— Automakers and the federal government are doing their best to turn the dashboard of every new vehicle into the cockpit of an airliner.
In-vehicle technology is rapidly growing to include safety features that would have been considered science fiction a few years ago.
Safety technology is fine and good, as long as it works.
It takes time for technology to saturate enough real-world vehicles for researchers to gather data about what increases safety, what does nothing to help, and what might do more harm than good.
Another tool that seems to be helping is the forward collision avoidance system.
Forward collision warning systems warn the driver if the vehicle is gaining on the traffic ahead of it so quickly that it is about to crash.
Some of these systems also are equipped with auto-braking, meaning the vehicle will brake on its own if the driver doesn't respond in time.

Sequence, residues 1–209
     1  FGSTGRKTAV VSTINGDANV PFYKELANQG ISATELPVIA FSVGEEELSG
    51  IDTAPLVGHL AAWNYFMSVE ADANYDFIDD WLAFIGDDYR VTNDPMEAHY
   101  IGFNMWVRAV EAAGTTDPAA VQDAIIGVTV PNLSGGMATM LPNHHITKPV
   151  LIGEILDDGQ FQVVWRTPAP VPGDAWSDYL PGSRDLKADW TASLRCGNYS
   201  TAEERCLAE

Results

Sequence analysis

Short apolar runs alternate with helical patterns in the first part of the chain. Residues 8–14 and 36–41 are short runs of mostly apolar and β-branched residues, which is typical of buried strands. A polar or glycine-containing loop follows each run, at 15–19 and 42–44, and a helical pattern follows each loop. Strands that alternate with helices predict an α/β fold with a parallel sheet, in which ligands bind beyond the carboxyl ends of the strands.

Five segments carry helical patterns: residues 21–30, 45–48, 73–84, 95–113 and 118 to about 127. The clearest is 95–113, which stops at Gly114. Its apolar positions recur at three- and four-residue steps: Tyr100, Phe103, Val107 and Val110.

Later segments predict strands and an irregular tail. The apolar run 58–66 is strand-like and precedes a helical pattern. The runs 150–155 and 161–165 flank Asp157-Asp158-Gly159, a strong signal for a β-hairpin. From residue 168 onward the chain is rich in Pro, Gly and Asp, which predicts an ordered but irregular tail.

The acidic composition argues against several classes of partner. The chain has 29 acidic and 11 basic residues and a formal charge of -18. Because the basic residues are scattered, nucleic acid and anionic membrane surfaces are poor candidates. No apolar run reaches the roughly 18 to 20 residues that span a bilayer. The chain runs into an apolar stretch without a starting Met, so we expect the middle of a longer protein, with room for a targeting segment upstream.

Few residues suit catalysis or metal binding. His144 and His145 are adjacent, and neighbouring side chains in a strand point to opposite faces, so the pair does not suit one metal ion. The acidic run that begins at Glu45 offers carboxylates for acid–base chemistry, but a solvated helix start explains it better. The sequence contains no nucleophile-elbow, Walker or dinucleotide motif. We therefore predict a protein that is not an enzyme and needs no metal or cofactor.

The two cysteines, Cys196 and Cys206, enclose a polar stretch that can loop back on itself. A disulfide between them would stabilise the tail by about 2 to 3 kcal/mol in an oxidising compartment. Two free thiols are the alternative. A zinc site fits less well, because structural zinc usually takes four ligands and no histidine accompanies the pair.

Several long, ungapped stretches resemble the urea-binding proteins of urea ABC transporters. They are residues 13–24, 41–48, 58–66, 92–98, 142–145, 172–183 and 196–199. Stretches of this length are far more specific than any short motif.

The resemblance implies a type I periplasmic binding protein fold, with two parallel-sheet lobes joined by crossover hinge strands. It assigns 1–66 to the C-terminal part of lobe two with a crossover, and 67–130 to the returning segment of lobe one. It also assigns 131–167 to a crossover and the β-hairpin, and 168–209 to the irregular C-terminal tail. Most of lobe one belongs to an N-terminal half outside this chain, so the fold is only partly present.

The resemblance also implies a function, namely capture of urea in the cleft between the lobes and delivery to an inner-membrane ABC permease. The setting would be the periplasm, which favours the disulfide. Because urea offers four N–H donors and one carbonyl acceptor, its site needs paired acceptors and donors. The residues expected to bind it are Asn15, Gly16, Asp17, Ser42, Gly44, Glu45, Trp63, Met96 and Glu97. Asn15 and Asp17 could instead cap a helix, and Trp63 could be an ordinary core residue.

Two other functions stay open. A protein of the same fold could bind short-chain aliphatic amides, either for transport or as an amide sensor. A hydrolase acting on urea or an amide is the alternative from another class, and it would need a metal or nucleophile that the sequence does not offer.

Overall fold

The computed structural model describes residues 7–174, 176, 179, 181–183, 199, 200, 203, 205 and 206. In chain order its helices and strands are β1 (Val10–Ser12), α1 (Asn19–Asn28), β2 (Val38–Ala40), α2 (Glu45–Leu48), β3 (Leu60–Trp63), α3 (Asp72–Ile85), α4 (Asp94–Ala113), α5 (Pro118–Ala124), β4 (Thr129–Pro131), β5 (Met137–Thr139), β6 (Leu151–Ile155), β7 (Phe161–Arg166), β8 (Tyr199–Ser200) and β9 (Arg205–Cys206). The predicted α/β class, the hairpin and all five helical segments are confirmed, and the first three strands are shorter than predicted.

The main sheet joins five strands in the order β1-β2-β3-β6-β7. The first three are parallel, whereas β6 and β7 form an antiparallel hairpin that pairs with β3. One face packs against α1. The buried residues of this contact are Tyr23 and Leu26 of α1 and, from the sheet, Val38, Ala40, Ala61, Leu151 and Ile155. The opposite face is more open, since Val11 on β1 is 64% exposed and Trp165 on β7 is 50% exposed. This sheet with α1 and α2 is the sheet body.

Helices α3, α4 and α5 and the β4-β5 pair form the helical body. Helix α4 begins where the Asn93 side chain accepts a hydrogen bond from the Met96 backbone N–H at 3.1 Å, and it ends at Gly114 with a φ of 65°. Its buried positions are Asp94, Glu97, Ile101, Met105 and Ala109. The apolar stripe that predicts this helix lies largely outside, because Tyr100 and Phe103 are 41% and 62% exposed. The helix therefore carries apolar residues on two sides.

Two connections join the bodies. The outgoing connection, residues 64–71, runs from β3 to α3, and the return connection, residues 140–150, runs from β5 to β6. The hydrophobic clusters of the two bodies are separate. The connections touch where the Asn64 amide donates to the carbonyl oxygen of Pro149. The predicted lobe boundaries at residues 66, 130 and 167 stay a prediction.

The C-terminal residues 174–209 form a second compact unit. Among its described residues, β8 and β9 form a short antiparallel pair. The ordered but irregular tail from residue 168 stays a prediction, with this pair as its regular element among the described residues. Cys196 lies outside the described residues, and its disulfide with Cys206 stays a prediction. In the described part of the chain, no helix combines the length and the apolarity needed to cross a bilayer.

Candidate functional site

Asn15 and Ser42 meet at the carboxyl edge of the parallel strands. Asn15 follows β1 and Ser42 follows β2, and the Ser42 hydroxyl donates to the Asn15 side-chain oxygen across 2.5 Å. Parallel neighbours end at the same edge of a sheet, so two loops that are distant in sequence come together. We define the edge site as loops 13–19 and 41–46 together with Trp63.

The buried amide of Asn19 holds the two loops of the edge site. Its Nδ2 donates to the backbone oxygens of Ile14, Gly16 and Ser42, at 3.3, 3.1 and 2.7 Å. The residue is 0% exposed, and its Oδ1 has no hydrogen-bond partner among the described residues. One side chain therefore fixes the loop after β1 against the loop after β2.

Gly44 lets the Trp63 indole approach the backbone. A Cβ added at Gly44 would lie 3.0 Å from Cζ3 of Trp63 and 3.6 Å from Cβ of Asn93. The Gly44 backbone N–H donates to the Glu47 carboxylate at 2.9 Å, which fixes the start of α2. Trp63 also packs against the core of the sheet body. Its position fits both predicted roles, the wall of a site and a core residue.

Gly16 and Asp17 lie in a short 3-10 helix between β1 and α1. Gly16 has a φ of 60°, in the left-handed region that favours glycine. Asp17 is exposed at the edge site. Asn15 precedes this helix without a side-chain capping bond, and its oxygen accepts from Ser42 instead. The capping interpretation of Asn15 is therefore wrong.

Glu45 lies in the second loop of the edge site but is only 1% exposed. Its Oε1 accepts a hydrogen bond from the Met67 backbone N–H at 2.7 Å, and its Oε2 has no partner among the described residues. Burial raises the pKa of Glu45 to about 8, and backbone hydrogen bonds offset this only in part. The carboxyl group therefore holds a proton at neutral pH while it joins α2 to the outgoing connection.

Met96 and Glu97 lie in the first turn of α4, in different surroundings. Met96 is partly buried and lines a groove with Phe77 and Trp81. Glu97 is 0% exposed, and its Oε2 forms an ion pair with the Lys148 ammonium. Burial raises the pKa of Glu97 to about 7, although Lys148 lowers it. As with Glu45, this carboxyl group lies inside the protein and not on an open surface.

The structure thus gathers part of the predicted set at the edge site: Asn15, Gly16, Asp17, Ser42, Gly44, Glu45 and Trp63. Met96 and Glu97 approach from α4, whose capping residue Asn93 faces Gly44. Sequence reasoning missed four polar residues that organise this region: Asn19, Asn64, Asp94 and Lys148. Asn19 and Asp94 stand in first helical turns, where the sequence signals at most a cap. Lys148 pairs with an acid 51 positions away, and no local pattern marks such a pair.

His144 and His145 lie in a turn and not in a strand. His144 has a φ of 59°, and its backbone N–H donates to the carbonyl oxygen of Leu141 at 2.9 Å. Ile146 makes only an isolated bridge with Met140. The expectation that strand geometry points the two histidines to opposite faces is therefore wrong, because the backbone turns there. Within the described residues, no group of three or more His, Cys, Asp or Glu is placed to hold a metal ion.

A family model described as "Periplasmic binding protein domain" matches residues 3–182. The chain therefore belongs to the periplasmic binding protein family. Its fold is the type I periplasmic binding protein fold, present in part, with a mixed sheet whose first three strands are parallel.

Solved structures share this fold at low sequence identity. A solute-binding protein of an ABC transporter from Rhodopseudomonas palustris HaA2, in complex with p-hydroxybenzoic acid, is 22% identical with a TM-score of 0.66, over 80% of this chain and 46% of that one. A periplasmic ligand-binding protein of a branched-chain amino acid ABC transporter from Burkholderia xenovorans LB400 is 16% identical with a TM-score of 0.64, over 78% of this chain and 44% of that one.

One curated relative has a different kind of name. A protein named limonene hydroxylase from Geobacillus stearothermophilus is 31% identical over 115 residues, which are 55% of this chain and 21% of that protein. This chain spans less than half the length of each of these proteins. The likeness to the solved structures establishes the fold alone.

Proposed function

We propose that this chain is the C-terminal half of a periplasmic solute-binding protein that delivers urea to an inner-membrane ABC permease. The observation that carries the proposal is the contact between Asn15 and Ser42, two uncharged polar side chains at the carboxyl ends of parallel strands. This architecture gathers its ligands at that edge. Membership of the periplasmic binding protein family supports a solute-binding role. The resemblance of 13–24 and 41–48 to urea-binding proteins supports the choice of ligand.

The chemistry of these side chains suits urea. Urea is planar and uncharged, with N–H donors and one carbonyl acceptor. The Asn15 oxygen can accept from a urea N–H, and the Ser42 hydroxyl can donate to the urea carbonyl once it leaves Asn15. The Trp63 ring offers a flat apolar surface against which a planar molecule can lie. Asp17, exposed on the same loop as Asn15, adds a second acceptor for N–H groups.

Researchers found that insurance claims for rear-end collisions were lower in vehicles with forward collision technology. Claims for single-vehicle frontal crashes were also reduced, but by a smaller percentage.
The technology also helped slightly for injury claims.
Property damage claims for Acura and Mercedes models were 14 percent lower. Volvo's auto braking system also reduced crashes 10 percent.
Mercedes and Volvo also offer versions of forward collision warning that don't include autonomous braking. These appeared to lower crash rates, but not to the same extent as versions that do include it.